This story contains no bull. Rather, it's about one which has come to roost, so to speak, in downtown Scottsburg.
Our story starts with April Ramoni, an officer of the Scott County Arts Council and enthusiastic supporter of all things art. She was contacted by Jaime Toppe, director of the Scott County Community Foundation, who had discovered a BISON-TENNIAL contest being conducted by the Indiana Philanthropy Alliance in honor of the state's Bicentennial birthday.
All you had to do is fill out an application form, telling why you thought your county/organization would like to have its own life-size fiberglass statue of a bison.
Seems easy enough, right?
“And it was, but it still took me a good 1½ hours to complete on-line. So, I sat in my backyard and came up with what we (Ramoni and husband Greg) thought was a good application,” Ramoni related.
Which is why she found herself making a five-minute presentation on June 15 in front of the IPA committee charged with selecting a winner from the five finalists chosen. Five minutes, five slides and plenty of persuasion went into Ramoni's talk about her home county.
“We used our Arts Council slides of people doing the crosswalk art, the pocket park and the barn mural at the county museum to show committee members that we all work together down here to get things done. And I purposely left one slide blank to symbolize our continuing hopes for making Scott County a better community,” she explained.
Ramoni wowed the IPA. “You could track the votes as they came in. We won by a considerable margin,” she reported.
Originally, the IPA was going to rent a trailer and bring the bison to Scott County. Instead, Ramoni and SCAC member, volunteer and all-around good guy Scott McDill went up in McDill's pickup truck, loaded the bison, strapped him down and started heading south on Interstate 65.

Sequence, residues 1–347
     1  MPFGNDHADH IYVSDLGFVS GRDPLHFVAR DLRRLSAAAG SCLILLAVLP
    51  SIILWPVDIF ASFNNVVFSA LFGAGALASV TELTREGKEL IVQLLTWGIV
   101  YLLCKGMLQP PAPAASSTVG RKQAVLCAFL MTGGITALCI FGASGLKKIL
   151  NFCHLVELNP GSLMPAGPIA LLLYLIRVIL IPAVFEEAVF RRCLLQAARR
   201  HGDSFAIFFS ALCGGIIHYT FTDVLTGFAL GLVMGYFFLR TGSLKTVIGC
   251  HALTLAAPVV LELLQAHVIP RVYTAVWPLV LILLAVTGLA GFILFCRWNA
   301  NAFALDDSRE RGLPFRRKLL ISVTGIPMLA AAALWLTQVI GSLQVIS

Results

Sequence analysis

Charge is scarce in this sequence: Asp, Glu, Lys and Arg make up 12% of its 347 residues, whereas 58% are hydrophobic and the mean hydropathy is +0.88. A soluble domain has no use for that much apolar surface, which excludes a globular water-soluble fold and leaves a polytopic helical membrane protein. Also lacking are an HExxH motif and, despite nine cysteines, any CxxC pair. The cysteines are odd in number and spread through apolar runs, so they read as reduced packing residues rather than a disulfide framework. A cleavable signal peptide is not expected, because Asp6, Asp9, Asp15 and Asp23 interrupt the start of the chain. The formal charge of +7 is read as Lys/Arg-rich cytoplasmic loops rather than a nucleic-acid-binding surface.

“People laughed, looked startled and puzzled. They pointed and took pictures. It was quite a ride home,” Ramoni advised. “We got lots of thumbs-up!”
Arriving in Scottsburg, the bison was unloaded and established on the lawn of Heacock's Eastside Art Gallery, located just east of the downtown square on McClain Avenue (State Road 56).
So, what does one do with an unpainted statue of a full-size buffalo?
Fortunately, the Arts Council is making plans.
First, the bison will be making the rounds of local festivals, the Scott County Fair and schools. At least 200 people will get a chance to help paint him, which makes sense since the whole contest is part of Indiana's celebration of its Bicentennial.
Also, we will be naming the beast. Children and adults will be able to submit potential winning names, with the winner announced on Friday, September 16, the day that the Bicentennial torch relay will make its way through Scott County.
So, get your thinking caps on because it's got to be a good name.
And the bison will have to find a permanent home somewhere so everyone will be able to enjoy him, maybe even get pictures taken with him. Caution: he's a little big for a selfie.
But he poses so well!